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What makes Mumbai vulnerable to rail rokos?

While incidents in the recent past suggest so, experts want the railway authorities to ensure it doesn’t become a trend.

mumbai Updated: Mar 21, 2018 00:30 IST
Kailash Korde
Kailash Korde
Hindustan Times
Stranded commuters at Dombivli.
Stranded commuters at Dombivli. (RISHIKESH CHOUDHARY)

Is blocking the suburban railway network an easy way out for protesters to get their demands fulfilled?

While incidents in the recent past suggest so, experts want the railway authorities to ensure it doesn’t become a trend.

According to railway officials, Mumbai’s suburban network has witnessed several protests recently over improvement of railway services or reaction to incidents such as Bhima-Koregaon. But Tuesday’s protest was different. The blockade to demand jobs for railway apprentice and increase in quota meant for them was led by very few people from the city, with most coming from areas such as Bhusaval, Jalgaon, Nandurbar of Maharashtra, and other states such as Bihar, Punjab, Uttar Pradesh and Gujarat, said experts.

For more than three hours, protesters held suburban commuters to ransom, with trains piling up between Matunga and Kalyan, and Dadar to CSMT. Sixty-eight services were canceled. The result: What the protesters could not get in a year was obtained within hours. Railway trainees have held agitations in Delhi, Gorakhpur, and Bhusawal over the same demand. But their issue was never addressed. On Tuesday, they got a written assurance, forcing railway minister Piyush Goyal to call an urgent meeting to look into their demands.

Also, more worrying was how none of the security agencies realized that such a large number of protesters had gathered at Dadar-Matunga, which is one of the major centres in the city, said experts. Despite CCTVs on station premises, agencies and railway administration learned about it only when they stopped trains on all four tracks of the main line of the central railway, hassling lakhs of commuters.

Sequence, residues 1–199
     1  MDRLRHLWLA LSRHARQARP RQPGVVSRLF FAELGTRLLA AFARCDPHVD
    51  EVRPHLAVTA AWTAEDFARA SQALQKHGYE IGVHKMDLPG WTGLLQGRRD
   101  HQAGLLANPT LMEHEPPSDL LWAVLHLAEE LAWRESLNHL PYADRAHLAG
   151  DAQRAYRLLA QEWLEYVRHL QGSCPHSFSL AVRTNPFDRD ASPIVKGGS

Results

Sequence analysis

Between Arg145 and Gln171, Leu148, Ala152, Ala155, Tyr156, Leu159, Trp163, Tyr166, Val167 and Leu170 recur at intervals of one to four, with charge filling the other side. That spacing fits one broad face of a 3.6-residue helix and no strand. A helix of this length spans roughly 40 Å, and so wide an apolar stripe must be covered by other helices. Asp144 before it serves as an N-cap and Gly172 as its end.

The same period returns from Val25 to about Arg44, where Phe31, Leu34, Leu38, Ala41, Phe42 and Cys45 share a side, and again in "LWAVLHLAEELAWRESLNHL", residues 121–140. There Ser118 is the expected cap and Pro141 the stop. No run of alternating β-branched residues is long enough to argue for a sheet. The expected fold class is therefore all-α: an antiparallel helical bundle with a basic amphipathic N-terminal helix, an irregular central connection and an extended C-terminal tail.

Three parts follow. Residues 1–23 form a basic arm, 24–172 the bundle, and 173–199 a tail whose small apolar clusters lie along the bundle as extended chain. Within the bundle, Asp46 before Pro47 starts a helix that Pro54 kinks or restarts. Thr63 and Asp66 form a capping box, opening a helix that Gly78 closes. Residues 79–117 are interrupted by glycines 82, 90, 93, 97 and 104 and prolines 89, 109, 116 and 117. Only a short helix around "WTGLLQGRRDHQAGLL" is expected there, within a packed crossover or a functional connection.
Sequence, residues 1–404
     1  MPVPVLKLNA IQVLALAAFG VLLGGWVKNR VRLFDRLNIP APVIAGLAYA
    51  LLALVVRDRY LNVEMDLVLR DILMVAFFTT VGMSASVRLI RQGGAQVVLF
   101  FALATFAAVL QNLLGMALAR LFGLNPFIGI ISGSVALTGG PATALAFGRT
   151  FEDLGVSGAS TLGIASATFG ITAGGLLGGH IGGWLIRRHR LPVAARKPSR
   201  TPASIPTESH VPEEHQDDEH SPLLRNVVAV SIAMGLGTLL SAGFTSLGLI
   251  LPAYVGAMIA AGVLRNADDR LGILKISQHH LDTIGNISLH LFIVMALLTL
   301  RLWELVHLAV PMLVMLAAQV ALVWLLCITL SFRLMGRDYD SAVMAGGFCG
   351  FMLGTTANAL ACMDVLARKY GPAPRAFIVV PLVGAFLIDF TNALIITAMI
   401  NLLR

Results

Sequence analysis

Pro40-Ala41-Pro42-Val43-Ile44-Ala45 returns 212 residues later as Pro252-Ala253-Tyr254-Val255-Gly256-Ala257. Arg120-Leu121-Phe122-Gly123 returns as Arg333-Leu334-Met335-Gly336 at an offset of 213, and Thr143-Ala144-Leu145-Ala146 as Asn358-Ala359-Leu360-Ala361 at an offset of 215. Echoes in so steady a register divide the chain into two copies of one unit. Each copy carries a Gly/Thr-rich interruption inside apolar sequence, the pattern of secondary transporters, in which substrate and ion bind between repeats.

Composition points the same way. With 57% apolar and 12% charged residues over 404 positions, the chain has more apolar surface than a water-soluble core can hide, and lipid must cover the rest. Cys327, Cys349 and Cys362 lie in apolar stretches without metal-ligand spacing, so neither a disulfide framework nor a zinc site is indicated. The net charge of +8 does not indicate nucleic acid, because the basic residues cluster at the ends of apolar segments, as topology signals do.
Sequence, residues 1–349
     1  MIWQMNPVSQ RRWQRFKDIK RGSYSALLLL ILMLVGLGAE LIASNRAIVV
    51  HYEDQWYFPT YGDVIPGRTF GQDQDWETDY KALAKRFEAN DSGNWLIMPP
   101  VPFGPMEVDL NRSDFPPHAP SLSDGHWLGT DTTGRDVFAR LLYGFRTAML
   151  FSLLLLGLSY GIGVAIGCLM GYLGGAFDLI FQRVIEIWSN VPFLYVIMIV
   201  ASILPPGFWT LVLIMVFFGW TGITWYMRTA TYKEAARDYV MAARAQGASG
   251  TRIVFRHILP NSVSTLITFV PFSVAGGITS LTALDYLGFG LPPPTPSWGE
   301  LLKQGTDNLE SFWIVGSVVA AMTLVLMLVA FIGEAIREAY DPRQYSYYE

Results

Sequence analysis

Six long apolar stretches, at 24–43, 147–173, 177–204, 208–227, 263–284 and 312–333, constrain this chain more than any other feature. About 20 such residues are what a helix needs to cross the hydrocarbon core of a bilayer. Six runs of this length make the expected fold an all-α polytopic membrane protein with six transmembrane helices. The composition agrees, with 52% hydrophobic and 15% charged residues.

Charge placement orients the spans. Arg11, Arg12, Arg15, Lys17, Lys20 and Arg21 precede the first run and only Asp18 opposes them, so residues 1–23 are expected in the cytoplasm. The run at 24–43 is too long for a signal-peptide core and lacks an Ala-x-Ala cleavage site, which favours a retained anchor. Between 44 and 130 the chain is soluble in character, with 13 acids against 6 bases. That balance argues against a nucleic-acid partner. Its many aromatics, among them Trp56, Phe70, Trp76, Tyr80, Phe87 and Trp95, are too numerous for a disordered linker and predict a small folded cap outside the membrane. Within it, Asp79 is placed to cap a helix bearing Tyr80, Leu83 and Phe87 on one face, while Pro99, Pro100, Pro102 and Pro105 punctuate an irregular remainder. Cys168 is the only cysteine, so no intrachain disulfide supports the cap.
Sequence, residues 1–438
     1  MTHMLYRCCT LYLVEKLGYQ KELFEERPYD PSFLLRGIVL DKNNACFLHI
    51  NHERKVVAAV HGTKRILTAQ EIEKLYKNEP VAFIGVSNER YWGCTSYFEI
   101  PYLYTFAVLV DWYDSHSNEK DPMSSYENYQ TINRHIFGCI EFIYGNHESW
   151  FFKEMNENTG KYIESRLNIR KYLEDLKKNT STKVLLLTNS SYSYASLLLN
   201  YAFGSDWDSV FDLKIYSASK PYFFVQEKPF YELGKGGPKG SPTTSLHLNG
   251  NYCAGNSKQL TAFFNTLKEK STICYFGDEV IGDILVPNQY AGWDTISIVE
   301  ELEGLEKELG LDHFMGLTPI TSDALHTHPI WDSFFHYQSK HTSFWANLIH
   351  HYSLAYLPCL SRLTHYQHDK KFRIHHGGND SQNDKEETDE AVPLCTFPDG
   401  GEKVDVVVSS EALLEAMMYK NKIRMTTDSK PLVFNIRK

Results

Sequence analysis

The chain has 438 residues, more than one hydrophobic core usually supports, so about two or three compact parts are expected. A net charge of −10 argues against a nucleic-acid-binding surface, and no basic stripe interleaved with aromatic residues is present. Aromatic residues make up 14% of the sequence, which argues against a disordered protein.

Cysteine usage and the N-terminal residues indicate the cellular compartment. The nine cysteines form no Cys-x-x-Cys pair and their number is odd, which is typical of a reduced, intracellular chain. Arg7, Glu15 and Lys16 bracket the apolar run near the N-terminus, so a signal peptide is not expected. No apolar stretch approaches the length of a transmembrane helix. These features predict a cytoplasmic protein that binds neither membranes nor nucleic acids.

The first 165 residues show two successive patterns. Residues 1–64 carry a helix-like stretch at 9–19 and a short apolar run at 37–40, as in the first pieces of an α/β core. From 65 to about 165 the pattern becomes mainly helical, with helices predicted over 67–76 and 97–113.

More than 75 lakh commuters travel take the 3,000 services on Mumbai’s suburban network (both CR and WR) daily. A disruption of even 10-15 minutes affects lakhs of commuters.

Subhash Gupta, a passenger activist, said this agitation was unique. “It is an example of intelligence failure. The railway administration, too, has failed,” said Gupta, adding security agencies need to deal with such incidents strongly.

“A couple of years ago, protesters wouldn’t get on to the tracks, fearing strict action, but that is not the case nowadays,” Gupta said.

Railway officials fear that the incident, reminder of Gujjar agitation, could become a trend. “Such attempts of paralyzing Mumbai’s lifeline should be discouraged immediately. Otherwise, it will become a trend,” said an official.

Transport expert AV Shenoy said it is easy to hold Mumbai to ransom because of the city’s overdependence on a suburban system which has become its lifeline. “If it stops because of any reason, the city gets choked. Mumbai needs effective alternate transportation systems such as Metro and BEST buses,” he said.

There is a need for political consensus on such issues. “Political parties should come together and decide about it,” he said.